Man on Fire 

A Q&A with writer/director/stuntman Hal Needham

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Raised in Arkansas, Hal Needham is one of the great American stuntmen, as well as the director of screwball, fast-car classics like "Smokey and the Bandit" 1 and 2 and "Cannonball Run." He'll be in Little Rock for the Little Rock Film Festival, and will provide the introduction for a special outdoor showing of "Smokey and the Bandit" on Sunday, June 5, at the Riverfest Amphitheatre, sponsored by the LRFF and Movies in the Park. Needham recently chatted by phone with Arkansas Times reporter David Koon from his home in West Hollywood, Calif.

AT: You were born in Memphis, but grew up mostly in Arkansas?

NEEDHAM: I was born in Memphis, and moved to Arkansas when I was probably 3 or 4 years old. Then I left when I was probably 11 or 12 — somewhere in that neighborhood.

AT: Where did your family live in Arkansas? I don't think it ever says in your book.

NEEDHAM: You got your pencil handy? I lived in El Dorado, I lived in Enwright, Georgetown, Oak Grove, Pangburn, Perkin and Sidon and West Helena. How's that for covering the state? We were sharecroppers, so every year, we were moving to a new place to live. That's why we moved around so much.

AT: What was it like moving around that much as a kid?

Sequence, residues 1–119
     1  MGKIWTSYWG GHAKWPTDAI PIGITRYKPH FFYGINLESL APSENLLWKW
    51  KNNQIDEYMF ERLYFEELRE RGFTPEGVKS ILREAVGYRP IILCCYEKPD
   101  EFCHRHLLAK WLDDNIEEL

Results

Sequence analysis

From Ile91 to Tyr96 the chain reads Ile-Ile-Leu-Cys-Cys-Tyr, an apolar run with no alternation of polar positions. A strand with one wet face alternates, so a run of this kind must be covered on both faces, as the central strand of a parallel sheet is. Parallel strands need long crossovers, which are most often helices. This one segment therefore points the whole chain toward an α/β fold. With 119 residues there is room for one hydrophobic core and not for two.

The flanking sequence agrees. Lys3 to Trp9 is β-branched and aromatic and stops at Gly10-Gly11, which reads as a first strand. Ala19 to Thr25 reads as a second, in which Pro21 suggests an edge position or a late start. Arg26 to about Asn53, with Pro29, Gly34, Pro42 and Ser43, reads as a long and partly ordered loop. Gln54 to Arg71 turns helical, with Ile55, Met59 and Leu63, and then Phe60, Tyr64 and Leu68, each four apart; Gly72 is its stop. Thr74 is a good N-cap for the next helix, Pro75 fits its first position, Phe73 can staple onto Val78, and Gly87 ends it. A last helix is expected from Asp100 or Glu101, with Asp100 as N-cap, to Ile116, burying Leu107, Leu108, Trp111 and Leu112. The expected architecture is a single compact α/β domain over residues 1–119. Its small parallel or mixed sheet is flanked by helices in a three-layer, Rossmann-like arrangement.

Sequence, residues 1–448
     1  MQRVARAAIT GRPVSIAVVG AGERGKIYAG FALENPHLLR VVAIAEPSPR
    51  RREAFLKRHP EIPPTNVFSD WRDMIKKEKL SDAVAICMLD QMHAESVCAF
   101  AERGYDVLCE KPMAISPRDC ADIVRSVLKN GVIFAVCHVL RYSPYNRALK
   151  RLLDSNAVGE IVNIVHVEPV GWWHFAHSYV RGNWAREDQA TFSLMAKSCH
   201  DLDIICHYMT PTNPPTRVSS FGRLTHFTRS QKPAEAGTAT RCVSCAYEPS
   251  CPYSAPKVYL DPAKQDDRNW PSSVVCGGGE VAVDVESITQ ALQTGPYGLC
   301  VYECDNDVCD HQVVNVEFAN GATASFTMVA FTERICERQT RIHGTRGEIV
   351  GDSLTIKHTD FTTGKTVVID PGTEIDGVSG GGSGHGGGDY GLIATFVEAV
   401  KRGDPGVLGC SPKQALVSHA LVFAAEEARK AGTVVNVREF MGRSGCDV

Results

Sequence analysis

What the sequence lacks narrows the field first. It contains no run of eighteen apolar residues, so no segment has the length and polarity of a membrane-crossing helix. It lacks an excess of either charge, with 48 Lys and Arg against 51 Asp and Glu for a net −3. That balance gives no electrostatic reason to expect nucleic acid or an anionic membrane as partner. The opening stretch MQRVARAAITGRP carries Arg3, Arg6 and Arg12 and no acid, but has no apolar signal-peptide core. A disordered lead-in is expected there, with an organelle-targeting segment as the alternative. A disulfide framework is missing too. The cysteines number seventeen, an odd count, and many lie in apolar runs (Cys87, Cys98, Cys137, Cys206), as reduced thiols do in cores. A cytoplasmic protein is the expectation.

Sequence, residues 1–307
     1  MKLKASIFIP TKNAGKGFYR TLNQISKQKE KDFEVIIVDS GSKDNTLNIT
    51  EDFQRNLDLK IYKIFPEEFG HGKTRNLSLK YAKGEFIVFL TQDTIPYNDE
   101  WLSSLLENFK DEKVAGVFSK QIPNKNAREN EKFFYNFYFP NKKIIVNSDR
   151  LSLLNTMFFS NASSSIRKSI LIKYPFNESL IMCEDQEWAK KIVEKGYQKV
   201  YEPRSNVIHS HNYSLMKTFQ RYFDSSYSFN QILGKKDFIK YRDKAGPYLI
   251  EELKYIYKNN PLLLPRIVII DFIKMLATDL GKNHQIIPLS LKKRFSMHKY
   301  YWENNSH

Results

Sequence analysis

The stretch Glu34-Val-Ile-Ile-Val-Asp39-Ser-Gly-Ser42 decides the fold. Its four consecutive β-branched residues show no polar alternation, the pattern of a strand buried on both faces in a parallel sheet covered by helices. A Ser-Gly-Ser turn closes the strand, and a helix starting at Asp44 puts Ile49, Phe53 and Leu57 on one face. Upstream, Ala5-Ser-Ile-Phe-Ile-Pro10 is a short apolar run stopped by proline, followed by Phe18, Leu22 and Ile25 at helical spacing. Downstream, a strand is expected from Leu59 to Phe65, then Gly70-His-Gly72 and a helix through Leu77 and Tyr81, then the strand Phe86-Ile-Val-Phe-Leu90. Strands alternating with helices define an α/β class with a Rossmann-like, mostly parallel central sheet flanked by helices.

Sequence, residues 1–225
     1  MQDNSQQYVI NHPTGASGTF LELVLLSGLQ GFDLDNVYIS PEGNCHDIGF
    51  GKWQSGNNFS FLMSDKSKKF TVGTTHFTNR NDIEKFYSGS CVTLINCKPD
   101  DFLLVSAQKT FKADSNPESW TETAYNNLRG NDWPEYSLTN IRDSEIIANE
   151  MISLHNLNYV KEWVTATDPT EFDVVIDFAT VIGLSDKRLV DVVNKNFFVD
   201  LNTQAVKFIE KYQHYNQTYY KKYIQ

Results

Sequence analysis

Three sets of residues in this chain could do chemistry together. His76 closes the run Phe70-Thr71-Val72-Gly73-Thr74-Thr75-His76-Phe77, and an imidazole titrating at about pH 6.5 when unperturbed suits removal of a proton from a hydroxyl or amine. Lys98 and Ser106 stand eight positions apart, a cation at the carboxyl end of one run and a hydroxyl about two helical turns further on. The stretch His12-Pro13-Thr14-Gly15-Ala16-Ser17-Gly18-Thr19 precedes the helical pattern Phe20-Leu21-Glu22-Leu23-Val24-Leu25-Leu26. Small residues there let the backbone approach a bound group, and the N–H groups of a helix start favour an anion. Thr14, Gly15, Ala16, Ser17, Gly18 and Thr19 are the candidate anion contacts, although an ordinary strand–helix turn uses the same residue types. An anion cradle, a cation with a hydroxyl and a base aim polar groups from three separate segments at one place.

NEEDHAM: It wasn't very much fun. We didn't call a moving company to bring over a big van and a bunch of guys. We threw all our junk on a farm wagon with a team of mules, we hooked our cultivator behind because it had wheels, and tied the milk cow to that and away we went down the road.

When we'd move, as best I can remember, we'd leave late at night, maybe 1 o'clock in the morning, and it would take us all night and the next day to get where we were going. One time, as I remember, it was 10 or 11 at night, and we're going down this muddy road and our team is so tired they can hardly pull the wagon, and we get stuck. So my stepdad goes back to a house that wasn't very far back and asks the guy to pull us out. The guy said, "Well, I've got a team of mules back there, but they've never been hooked up. Let's see what happens." Can you imagine hooking a team of mules to a wagon that have never been worked? They were raring and jumping. I thought they were going to tear the wagon up, but they finally got us out, and we went on. It was not fun, the way I lived in Arkansas.

AT: From reading your book, it sounds like you were desperately poor, even by sharecropper standards.

NEEDHAM: We were bottom of the totem pole! We were always way back in the woods. All the towns I named you? We never lived in any of them. We were within 10 or 12 miles of them. So, yeah. We didn't have running water. A couple of times we had a well out in the yard, but most of the time we had to go carry water from a spring or the river or some damn thing. No electricity, obviously, and the only heat we had was a fireplace and cookstove. We were poor. Really poor.

AT: The accounts of it you write are harrowing. I especially liked the story about your mother canning all those vegetables so your family could live through the winter.

NEEDHAM: The summertime was spent prepping for wintertime. She'd put up three or four thousand quarts in the summertime. We canned everything, including meat, because we had no refrigeration and it would go bad. She canned everything — vegetables out of the garden, we'd pick blackberries before we'd go to work. She'd be cooking breakfast and we'd go out picking blackberries and she'd can them that day.



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